I think I have finally come to accept the World Wide Web for all the potential it has, good and bad. By “bad,” I don’t mean pictures of questionable behavior and unprofessional language on social networking sites. I don’t mean checking my email 17 times today (which I did- I know, it’s sad. Even sadder is that I counted).
I don’t mean the unparalleled dangers of communicating with and/or meeting unknown people online. I don’t mean the abundance of amoral content available everywhere online and I don’t mean the countless viruses, worms, trojans, spyware, adware, popups and spam email all throughout cyberspace.
Those are all “bad” parts of the internet, but I knew about them before. What I’ve finally come to realize is that the web gives unqualified and inexperienced people the ability to publish erroneous and heavily opinionated material without the checks and balances of a systematic news organization. Anybody can blurt out their thoughts, whatever they may be, into that text box and click “post.” Then, in most of the public’s eye, they’re just as professional and unbiased as a reporter or journalist.
When someone inexperienced with a certain topic writes an online “review,” if you could call it that, especially one that isn’t in favor of what the person is reviewing, the public’s viewpoint of the product or service changes. Also, the professional writer’s clout dampens.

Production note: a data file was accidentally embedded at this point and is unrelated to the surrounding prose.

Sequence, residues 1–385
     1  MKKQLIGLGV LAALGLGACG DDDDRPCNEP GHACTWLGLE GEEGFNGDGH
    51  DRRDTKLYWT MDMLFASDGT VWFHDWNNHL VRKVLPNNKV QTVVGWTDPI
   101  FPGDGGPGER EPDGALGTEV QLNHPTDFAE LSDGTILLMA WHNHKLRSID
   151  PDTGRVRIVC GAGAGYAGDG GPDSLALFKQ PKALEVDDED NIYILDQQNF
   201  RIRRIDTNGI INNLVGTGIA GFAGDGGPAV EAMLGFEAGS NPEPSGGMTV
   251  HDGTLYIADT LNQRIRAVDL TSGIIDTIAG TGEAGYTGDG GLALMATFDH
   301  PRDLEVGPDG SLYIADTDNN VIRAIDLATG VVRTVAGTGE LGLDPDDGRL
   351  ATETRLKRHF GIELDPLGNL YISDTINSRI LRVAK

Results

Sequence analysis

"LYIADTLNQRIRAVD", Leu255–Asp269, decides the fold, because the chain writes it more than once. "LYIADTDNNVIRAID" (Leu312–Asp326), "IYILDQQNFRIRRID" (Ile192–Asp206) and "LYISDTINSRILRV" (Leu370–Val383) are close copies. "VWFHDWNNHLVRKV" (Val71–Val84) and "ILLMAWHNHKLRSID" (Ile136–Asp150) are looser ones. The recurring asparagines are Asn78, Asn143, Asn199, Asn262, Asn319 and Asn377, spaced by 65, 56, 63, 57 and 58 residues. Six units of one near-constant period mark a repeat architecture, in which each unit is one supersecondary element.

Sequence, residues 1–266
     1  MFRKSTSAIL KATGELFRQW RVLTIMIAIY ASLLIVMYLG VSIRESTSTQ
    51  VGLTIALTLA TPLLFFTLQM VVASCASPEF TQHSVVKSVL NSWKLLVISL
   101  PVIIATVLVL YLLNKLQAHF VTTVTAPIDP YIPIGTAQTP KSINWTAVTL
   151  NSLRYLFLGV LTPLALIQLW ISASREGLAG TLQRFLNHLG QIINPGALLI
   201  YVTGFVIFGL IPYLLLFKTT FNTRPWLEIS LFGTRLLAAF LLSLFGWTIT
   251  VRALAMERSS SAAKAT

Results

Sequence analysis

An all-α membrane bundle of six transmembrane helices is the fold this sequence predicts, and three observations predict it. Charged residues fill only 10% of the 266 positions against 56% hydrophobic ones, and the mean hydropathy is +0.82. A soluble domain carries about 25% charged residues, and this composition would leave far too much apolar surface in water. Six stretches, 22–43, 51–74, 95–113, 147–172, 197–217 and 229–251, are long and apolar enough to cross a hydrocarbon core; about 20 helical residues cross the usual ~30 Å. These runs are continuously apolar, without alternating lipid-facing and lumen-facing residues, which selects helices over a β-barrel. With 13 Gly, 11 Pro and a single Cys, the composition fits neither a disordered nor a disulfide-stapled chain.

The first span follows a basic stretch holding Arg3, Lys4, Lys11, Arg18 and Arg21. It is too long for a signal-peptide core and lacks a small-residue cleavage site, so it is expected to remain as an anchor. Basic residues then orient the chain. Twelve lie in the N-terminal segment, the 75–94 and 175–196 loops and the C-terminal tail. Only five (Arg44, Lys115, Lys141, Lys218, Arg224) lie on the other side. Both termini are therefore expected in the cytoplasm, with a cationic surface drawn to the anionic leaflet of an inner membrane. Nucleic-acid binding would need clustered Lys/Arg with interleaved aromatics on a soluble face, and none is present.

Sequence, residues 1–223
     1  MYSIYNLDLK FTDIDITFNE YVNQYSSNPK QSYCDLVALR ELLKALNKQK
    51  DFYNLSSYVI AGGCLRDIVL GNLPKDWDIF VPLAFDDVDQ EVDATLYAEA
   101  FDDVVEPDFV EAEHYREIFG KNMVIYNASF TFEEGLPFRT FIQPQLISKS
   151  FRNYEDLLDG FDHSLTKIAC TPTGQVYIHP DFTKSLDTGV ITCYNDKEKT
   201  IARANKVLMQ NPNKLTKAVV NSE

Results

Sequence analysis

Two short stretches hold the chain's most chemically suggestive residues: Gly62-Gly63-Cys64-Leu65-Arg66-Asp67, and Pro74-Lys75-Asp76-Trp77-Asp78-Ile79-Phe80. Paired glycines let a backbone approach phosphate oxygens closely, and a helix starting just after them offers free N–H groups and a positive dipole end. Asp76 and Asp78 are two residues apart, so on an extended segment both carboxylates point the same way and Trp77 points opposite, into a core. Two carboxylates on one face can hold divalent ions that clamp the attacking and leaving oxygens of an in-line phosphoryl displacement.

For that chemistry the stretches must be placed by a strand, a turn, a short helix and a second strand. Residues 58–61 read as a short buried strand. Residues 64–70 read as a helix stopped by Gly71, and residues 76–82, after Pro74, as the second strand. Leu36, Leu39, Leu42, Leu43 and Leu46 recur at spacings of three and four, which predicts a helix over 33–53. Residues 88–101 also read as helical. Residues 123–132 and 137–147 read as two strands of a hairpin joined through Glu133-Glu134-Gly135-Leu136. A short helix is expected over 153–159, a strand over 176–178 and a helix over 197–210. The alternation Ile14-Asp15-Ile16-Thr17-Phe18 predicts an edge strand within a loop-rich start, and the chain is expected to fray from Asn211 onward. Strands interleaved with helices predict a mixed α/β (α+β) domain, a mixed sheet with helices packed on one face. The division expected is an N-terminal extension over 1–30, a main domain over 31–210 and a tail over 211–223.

Most of the time, too, that inexperienced writer hides behind an anonymous or unidentifiable tag. How do you trust someone who identifies themselves with only an online moniker such as “hotshot1623” or “pinkroses86” to give you an informed opinion about anything?
Even if you trust the anonymous, you still run into whether the no-name citizen journalist has to follow the guidelines, formal and informal, that the professional media do. What’s okay and what isn’t? Is there a rulebook for the internet?
I’ve heard many new media experts compare the internet to the “wild west” because there are no established or written rules and, when the going gets tough, everyone has to fend for themselves.
An “unwritten” rule that I follow is “Trust only content on official web sites produced by that site’s author.” Those 150-word comments from users don’t count. They may add to the story, but they certainly aren’t reputable. Wikipedia isn’t reputable either because the content can be changed by any user at any time and may not be corrected or verified before you access it.
You can use Wikipedia as a starting point that will lead to more reliable outlets, though. Many of the references about a topic are reputable sources and using the references from a Wikipedia page may help you gather information.
How do you figure out what’s an “official” web site and what isn’t?
That’s a pretty difficult question to answer. The best advice I can give anyone is to use your best judgment. If it sounds or looks suspicious, don’t trust it. Also, never take what you do trust for granted. If you can only find a specific fact or other piece of information in one place, there’s a good chance that it’s unreliable information.